In case the U.S. presidential race hasn’t tipped you off already, something new and strange is going on with the way people evaluate institutions and the leaders who run them. The evidence arrives in the 2016 Edelman Trust Barometer, compiled from research by Edelman, the world’s largest PR firm, and released this week at Davos. The headline is that worldwide trust in institutions has hit a post-recession high, but with a crucial qualification: Informed, well-off people are highly trusting in institutions, while the rest are decidedly not, and that gap is now the widest it has ever been. The message for leaders: People like you are already on your side, but not many others are, and those are the ones you’d better attend to.
The research paints a coherent picture that fits with political and social trends around the world. The “informed public” – people in the top quartile by income with at least a college degree, highly engaged with the news – have been well served by the major institutions (business, government, media, NGOs); of course they’re mostly trusting. The “mass population” – everyone else – hasn’t been, on average, and is naturally much less trusting. In the U.S., the “trust index” of the informed public is 71; among the mass population it’s 45, the widest gap in the world. Most of the informed public (63%) believe they’ll be better off in five years; most of the mass population (55%) believe they won’t be, one of the largest optimism gaps in the world. The trust gap between the top quartile by income and the bottom quartile by income is 31 points in the U.S., the widest in the world.
Is it any surprise that the biggest stories in U.S. politics today are Donald Trump and Bernie Sanders, the candidates who speak most powerfully to the mass population’s distrust, and that the established political pros missed them entirely?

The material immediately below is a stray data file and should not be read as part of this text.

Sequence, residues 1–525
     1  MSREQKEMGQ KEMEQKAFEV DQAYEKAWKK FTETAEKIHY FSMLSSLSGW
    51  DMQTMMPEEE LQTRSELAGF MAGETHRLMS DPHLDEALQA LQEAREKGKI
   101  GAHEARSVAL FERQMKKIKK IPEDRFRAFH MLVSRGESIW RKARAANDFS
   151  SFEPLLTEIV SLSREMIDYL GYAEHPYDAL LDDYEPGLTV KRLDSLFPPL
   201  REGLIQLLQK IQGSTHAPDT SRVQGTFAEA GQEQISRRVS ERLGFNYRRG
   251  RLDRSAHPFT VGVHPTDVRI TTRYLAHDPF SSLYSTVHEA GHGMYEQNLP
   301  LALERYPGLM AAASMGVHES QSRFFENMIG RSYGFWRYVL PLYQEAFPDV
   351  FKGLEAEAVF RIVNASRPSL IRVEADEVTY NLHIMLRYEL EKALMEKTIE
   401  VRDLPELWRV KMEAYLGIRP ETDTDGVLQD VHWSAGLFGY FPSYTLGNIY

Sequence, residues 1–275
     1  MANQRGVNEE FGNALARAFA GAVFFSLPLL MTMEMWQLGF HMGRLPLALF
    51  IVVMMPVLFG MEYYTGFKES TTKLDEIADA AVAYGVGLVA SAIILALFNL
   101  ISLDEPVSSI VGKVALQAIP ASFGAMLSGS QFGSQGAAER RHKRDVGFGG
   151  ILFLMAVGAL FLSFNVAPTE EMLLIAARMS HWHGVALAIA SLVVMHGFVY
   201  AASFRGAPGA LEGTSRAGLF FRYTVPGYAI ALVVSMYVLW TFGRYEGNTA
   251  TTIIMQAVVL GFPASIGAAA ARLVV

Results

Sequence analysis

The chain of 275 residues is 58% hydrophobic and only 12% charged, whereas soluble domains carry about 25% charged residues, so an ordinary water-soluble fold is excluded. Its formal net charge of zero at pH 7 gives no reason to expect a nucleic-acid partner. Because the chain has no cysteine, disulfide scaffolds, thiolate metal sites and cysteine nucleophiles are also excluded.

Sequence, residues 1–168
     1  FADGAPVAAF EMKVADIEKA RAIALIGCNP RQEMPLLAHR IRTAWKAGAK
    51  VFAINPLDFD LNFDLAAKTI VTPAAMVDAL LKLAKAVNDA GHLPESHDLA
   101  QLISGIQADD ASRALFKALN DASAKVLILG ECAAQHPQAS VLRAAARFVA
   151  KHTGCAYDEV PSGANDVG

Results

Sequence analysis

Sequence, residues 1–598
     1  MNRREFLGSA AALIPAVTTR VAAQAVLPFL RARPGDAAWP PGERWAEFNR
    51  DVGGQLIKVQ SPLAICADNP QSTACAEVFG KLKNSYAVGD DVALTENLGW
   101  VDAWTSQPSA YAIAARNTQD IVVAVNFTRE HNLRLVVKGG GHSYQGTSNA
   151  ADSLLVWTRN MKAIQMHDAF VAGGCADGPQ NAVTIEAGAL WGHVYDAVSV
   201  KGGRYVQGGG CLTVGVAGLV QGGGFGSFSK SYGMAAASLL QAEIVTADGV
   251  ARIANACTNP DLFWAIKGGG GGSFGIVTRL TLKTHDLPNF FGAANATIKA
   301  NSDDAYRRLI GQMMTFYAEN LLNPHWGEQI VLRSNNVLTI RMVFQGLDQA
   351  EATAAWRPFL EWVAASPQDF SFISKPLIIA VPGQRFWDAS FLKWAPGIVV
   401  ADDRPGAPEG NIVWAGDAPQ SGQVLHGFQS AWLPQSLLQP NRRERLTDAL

Yet lurking in the data is good news and an opportunity for leaders. It turns out that the overall public thinks business is better than those other institutions at keeping pace with changing times, and they strongly believe – 80% agree – that a company can “both increase profits and increase the economic and social conditions in the community where it operates.” In fact, that turns out to be the key question in whether a person is becoming more trusting of business or less. Among people whose trust in business has increased, 45% say it’s because it “contributes to the greater good.” Among those whose trust in business has fallen, the largest group of them, 50%, say it’s because business “fails to contribute to the greater good.” This is what it’s all about. More people now think a CEO should be “personally visible” in discussing societal issues than in discussing financial results.
One more relevant data point: When the researchers asked the overall public who’s credible – a technical expert, a financial analyst, or any of several other categories – the biggest increase in credibility from last year was for CEOs.
The opportunity for leaders seems clear. Put your head back above the parapet. Show, don’t just say, how your organization contributes to the greater good. Then go ahead and earn high profits; you won’t be penalized in public opinion. CEOs like Unilever’s Paul Polman and Starbucks’ Howard Schultz have set a high bar, so you’d better bring your A game. But in an era when much of the public seems ready to take up torches and pitchforks, you and your organization face a great and unexpected opportunity to be trusted.
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What We’re Reading Today
Michigan Governor: “I’m sorry and I will fix it”
In his State of the State address, Gov. Rick Snyder focused almost entirely on the Flint water crisis. He outlined a plan that included doubling Michigan National Guard troops to man Red Cross stations, appealing President Barack Obama‘s rejection of declaring the lead-tainted water a federal disaster, and asking for $28.5 million from the legislature to cover Flint’s immediate needs. Snyder will also release all his emails related to the crisis from 2014 to 2015 as critics have decried his slow response. Detroit Free Press
Texas says ‘No’ to daily fantasy